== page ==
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Kenneth Weene

Kenneth Weene

Kenneth Weene has not set their biography yet

Posted by on in Miscellaneous
                                                      In kindness I will call myself eccentric—not in every manner but in some and then defiantly so. I shall share but a few of my idiosyncrasies here and in the process if not inform at least amuse. First there is the matter of tea. I love tea. My wife and I at last count had over forty canisters, small green metal boxes each capable of holding approximately 100 grams of leaves and other ingredients. Some are black teas from China, Africa, and India. Of course there is wonderful chai and rooibos teas from everywhere. There is mint tea—wonderful hot or iced. Fruit teas make wonderful iced beverages. And on hand I keep a few condiments to enhance my drinks—dried orange and lemon peel, lavender, and honeys, yes there are varieties of honey to be considered. To brew a good cup, I use individual bags into which I spoon the...
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Posted by on in Short Stories
There was a man who loved his daughter, and as such loving fathers do, wanted her to be most happy. The problem was a simple one, she wished to marry; and she being very beautiful would surely have no difficulty in finding a husband—no difficulty were it not for the fact that this loving father was a pirate, the captain of a black-flagged ship that sailed the Caribbean preying on merchantmen from every land.   Although the father was himself a buccaneer, he would not accept a scurvied sea dog for a son-in-law.  His daughter, he knew in his heart, deserved more. He wanted her to marry well. And, having his lost his own wife overboard some years before—she having run off with a merchant who was being held for ransom—the pirate knew his daughter too might run away rather than spending a lifetime priming cannon and pining for love....
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Posted by on in Short Stories
  “Hank.”  What’s wrong now? “Yeah.”  “Your sister.”              “Elena? What about her?” “She’s on the phone.”  “What does she want?”  "Ask her yourself.” Yeah, she’s angry.             Hank picked up the phone. “Hi.” “Did you call Mom?” Elena wasn’t one for small talk. Hank could imagine her in one of those gray business suits she seemed to always wear. She probably sleeps in one. He smirked to himself.  “What?”  “Mom. Did you at least call her?”  “Wh…”  “It’s Mother’s Day you moron,” she added.  “Mother’s Day.” Oh shit, I didn’t… What the hell am I gonna do? Judy will be soo pisssssed. Even in his own mind, Hank drew the words out.  “Yeah, Mother’s Day. You know a little consideration wouldn’t kill…”  “You’re right, Sis. You’re absolutely right. Sometimes I just forget. So busy … work … you know how it is.” He stammered out the rationalization knowing that his...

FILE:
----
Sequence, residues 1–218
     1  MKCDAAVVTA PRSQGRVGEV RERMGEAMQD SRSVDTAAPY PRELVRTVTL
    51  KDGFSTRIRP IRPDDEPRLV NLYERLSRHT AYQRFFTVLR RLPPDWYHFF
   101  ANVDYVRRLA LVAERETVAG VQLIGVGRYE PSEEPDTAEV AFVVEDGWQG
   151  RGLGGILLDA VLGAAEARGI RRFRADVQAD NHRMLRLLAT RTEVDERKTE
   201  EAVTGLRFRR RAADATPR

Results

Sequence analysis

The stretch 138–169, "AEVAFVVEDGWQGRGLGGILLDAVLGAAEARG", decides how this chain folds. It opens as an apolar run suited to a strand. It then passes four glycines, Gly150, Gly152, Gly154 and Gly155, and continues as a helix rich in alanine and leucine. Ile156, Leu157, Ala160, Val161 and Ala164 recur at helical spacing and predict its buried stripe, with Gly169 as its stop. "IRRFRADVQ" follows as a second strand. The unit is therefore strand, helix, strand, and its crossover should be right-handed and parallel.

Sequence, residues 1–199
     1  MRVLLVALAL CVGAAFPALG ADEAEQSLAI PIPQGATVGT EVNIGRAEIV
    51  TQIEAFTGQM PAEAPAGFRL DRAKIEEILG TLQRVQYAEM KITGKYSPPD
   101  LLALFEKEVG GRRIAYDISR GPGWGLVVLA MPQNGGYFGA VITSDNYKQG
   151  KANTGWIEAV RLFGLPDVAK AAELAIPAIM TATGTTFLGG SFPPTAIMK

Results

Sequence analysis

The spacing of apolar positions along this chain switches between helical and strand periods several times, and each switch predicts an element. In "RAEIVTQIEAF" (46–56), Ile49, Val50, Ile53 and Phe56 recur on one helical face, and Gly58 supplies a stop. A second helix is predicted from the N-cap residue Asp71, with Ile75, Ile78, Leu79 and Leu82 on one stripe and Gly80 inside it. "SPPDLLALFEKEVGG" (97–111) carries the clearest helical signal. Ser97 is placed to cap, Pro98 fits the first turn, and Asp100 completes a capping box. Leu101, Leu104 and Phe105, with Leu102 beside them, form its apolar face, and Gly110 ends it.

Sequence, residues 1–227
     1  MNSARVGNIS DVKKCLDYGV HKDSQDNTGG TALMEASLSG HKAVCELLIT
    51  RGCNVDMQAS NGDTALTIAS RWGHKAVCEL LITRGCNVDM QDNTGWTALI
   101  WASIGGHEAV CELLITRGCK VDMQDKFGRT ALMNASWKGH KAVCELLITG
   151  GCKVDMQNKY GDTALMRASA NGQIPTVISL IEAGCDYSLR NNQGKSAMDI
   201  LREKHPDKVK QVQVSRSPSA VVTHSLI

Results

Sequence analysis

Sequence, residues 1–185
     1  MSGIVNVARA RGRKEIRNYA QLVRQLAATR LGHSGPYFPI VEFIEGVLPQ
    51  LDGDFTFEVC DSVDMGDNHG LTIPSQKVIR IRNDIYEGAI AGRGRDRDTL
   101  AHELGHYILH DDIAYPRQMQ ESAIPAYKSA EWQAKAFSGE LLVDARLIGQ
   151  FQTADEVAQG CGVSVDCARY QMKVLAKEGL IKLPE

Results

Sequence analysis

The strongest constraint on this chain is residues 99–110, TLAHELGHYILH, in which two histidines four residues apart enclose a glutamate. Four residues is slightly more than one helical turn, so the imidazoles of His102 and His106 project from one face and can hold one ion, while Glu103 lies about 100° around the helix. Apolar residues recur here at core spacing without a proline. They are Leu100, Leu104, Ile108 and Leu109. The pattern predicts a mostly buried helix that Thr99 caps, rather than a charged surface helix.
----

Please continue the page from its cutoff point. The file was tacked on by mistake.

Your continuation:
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Posted by on in Short Stories
They walk the shady paths of the park. He pushes the carriage, which holds their sleeping child. “Have you told your secretary we’re going on vacation?” “Don’t worry about it. Just let me run the office.” He remembers a phone call that must be made. Two weeks later, now alone, she understands. Certainly the secretary had known his plans....
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  Cutting taxes as a way to the poorhouse.  A commentary for my fellow Americans No question, government agencies can blow through money. The recent farce at the GSA gives new meaning to the term government waste. And I am surely not the only American who wonders what Secret Service agents’ cavorting with prostitutes has cost taxpayers. Then there are the super-expensive items, those ashtrays, hammers, and toilet seats—mostly purchased by the military—with obscene price tags. Generally they have been defended as meeting special requirements, such as the toilet seat not disintegrating when suffering a direct hit from a bomb. It always seemed to me that the toilet seat disintegrating would be the least of any sailor using the head at such a moment. However, who am I to judge? And, of course, there are the many instances of inter-departmental duplication. While there may be a reason that salmon are considered...
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